NEW DELHI - India’s government lost its majority Friday when a key ally finalised its divorce from the coalition, but it was saved from the immediate risk of collapse by securing the support of a regional party.
All 19 Trinamool lawmakers will now join the opposition ranks, bringing an end to an uneasy alliance inside the left-leaning coalition and leaving Singh’s Congress party dependent on outside support from other parties in parliament.
But while analysts said Trinamool’s departure increased the prospects of early polls, Singh appeared in no immediate danger after the regional Samajwadi Party vowed to keep out the opposition BJP party and their Hindu nationalist agenda.
“We will not allow communal forces to come into power. Why should I withdraw support to the Congress?” Samajwadi party chief Mulayam Singh Yadav told reporters in New Delhi.
It was unclear if Samajwadi, whose 21 MPs generally back the government, would join the coalition formally and take up posts in the government when Singh reshuffles his cabinet.
Years of tension between Congress and Trinamool exploded last week after Singh’s government announced a string of reforms including allowing foreign supermarkets into the retail sector and hiking the price of subsidised diesel.
Fiery Trinamool chief Mamata Banerjee initially gave the government 72 hours to withdraw the measures, then announced that her party would quit on Friday unless her demands were met.
She accused the government of allowing in foreign supermarkets in “an undemocratic and unethical manner”, while speaking at a function in Kolkata on Friday.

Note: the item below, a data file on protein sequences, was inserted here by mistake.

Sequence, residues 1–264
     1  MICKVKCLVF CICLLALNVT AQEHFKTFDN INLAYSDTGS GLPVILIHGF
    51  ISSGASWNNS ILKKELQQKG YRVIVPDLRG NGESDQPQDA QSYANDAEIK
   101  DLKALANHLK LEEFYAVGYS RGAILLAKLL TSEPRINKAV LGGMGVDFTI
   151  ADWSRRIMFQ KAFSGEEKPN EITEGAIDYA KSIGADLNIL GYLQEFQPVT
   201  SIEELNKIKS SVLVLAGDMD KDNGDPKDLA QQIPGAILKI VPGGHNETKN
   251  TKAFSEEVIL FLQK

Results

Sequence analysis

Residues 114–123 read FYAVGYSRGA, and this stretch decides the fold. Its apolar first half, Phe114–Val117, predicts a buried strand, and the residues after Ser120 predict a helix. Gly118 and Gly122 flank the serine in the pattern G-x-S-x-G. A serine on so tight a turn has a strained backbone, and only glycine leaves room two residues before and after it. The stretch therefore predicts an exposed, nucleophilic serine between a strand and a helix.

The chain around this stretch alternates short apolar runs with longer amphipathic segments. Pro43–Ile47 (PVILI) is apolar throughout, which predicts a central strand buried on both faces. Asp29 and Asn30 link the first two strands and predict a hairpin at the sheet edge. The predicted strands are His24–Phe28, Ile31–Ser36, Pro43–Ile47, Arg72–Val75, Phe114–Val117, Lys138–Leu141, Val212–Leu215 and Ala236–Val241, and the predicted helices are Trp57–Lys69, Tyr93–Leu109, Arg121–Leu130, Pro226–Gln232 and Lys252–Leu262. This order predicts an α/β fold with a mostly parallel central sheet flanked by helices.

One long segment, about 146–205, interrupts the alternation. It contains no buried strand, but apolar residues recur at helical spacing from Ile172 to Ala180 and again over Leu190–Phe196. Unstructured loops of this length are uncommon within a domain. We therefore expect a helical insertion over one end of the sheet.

“The government is selling out the country. You will lose your land, shops and livelihood if the decision is implemented,” she said. Even Samajwadi’s chief Yadav, a wrestler-turned-politician, is against foreign supermarkets entering India, underlining the difficulties the government will have in pressing ahead with promised new reforms ahead of elections due in 2014.
Finance Minister P Chidambaram unveiled new measures to boost the economy on Friday, indicating the administration was looking to build momentum and change the perception of a government bogged down for years in corruption scandals.
The changes aim to encourage investors to put extra money in the stock market and spur more domestic companies to borrow cheaply abroad, leading to fresh leaps on the Bombay Stock Exchange.
The benchmark 30-share Sensex Index closed up 2.2 percent at 18,752.83 points, while the Indian currency also climbed, hitting a four-month-high against the dollar of 53.38 rupees.
India’s Prime Minister Manmohan Singh said Friday that a series of reforms which prompted the resignation of a coalition ally were vital to combat an economic slowdown and restore investor confidence.
“I want your support to implement the economic reforms which are vital to combat the economic slowdown,” Singh said in a televised address to the nation.
“I promise that the country will return to a faster and inclusive growth track but I will need your support, please do not listen to those who are dissuading you,” he added.